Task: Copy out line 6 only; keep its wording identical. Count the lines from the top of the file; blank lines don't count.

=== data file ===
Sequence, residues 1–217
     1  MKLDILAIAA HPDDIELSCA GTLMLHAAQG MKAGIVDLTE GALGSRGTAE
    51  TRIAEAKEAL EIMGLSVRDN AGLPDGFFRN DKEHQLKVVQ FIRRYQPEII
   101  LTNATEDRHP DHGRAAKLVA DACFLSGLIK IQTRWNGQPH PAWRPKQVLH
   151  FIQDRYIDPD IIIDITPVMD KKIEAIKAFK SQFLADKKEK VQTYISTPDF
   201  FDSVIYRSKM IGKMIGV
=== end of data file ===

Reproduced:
   201  FDSVIYRSKM IGKMIGV